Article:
‘I’d venture to say that it’s an hour of your time that’s well-spent,’ Hawco says
Krystin Pellerin and Allan Hawco star in CBC-TV’s “Republic of Doyle” which will resume Wednesday, Jan. 12 at 9:30 p.m. — Ian Vatcher photo
Interviewing Allan Hawco isn’t easy — you’ve got to catch him first.
Even when you’re on the “Republic of Doyle” set, and even when you’ve managed to pin him down long enough to get a few sentences, there’s always the chance he’ll jump out of his chair and run away, just for a few minutes.
“Sorry about that,” an out-of-breath Hawco said, re-taking his seat. “I just had to go and do that quick stunt.”
CBC-TV’s “Republic of Doyle” wrapped up filming its second season in St. John’s the week before Christmas, and will begin airing Jan. 12. Touted as a “dramedy,” the show is based around Jake and Malachy Doyle, a father-and-son team of private detectives. Hawco plays the part of Jake, a ladies man with a heart of gold, deep down.
It was a busy summer and fall for the “Doyle” crew, who, for the second time, took over the downtown area, one small piece at a time, filming on location in different nooks and crannies. While St. John’s residents would likely take to the open-line radio shows to complain about road blockages had it been for construction, they seemed to welcome the filming. Duckworth Street closed because of a high-speed car chase? No problem. Military Road blocked with trailers as the crew films in a nearby church? Go ahead. Even a notice sent out by police, warning of a fiery simulated explosion across the harbour as part of a “Doyle” episode was no big deal.
The show treats St. John’s not just as a backdrop, but as a character, and that could be one reason why local residents — as well as Newfoundlanders and Labradorians away — have made the show their own.
Picturesque shots of the downtown are featured between scenes, and The Duke of Duckworth, a local pub, was painstakingly recreated, right down to the light fixtures, in a studio in Torbay.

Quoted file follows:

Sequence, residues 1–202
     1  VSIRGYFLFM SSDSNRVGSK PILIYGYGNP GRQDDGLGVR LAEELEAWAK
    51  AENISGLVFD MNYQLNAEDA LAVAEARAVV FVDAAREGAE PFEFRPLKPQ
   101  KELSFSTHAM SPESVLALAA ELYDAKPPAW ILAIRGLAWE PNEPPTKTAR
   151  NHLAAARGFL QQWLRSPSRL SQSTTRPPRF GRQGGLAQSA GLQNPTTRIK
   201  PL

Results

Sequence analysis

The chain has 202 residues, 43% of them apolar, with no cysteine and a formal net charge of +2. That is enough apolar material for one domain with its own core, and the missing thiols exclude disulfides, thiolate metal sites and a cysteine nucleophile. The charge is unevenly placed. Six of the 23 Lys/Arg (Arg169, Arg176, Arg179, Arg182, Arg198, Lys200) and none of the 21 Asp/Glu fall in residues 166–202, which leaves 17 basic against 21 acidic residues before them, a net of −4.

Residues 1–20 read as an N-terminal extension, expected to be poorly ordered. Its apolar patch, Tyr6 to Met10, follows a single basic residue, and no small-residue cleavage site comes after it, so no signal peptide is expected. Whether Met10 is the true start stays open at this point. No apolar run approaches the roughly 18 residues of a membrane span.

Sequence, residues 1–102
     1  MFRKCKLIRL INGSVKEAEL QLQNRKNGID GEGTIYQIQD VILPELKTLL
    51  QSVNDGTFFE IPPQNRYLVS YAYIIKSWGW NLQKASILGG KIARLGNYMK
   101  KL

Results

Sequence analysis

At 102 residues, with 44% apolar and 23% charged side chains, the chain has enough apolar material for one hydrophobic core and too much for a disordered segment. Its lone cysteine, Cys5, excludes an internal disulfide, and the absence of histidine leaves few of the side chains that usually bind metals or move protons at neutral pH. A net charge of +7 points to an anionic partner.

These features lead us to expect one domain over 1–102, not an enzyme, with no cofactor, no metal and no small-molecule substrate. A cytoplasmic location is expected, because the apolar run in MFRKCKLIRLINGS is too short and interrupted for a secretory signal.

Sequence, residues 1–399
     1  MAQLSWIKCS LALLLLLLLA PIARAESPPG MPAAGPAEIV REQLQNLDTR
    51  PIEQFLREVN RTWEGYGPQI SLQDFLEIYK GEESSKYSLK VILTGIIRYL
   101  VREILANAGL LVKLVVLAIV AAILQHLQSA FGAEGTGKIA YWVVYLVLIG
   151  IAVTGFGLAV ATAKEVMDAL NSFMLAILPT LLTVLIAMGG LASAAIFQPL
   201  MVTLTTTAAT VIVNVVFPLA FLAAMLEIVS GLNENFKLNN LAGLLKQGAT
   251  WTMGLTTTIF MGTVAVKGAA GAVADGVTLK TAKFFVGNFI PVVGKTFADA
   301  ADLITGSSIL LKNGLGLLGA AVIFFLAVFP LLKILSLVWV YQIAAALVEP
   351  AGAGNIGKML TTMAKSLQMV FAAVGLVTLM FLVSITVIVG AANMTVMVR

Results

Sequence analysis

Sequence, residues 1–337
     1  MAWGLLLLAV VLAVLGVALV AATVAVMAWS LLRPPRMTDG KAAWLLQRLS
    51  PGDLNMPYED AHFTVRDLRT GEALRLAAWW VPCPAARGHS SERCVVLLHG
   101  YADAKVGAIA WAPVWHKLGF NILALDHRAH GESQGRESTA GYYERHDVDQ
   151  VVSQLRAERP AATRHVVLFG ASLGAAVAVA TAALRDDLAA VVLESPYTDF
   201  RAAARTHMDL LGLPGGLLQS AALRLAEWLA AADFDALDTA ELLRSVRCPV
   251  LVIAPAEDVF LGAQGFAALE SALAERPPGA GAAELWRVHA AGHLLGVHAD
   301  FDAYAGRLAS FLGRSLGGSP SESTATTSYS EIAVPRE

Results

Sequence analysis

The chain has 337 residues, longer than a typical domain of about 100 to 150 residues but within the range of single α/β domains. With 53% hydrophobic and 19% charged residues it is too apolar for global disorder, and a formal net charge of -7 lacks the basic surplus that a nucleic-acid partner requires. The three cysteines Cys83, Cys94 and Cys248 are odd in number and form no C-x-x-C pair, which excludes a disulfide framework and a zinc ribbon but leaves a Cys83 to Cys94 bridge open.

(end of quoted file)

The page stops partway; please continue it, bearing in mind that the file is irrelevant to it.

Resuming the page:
“The way I thought about it is if we can open the door in Newfoundland with the storytelling of the show so that Newfoundlanders felt like they were included, then Canadians would feel like they’re included and then hopefully the rest of the world would feel like they’re included as well,” Hawco, one of the show’s co-creators, co-writers, co-producers and star, said.
Since its successful first season started last January, “Doyle” has seen tremendous success. The show was nominated for five Geminis, is available on DVD and on Netflix, and has been sold to just about every region of the world, broadcasting in Europe, Africa, South America and Australia, and dubbed into languages including French, Spanish, Portuguese and Arabic.
Hawco said he feels a sense of municipal responsibility when it comes to the international broadcasts.
“It’s important for us to realize that what we do to our city is going to be represented to the whole world now. It’s not just us and tourists that come here; it’s actually going to be in the households of every country in the world. As storytellers, we need to continue to represent an authentic view of what the town is, coupled with the entertaining elements of television.”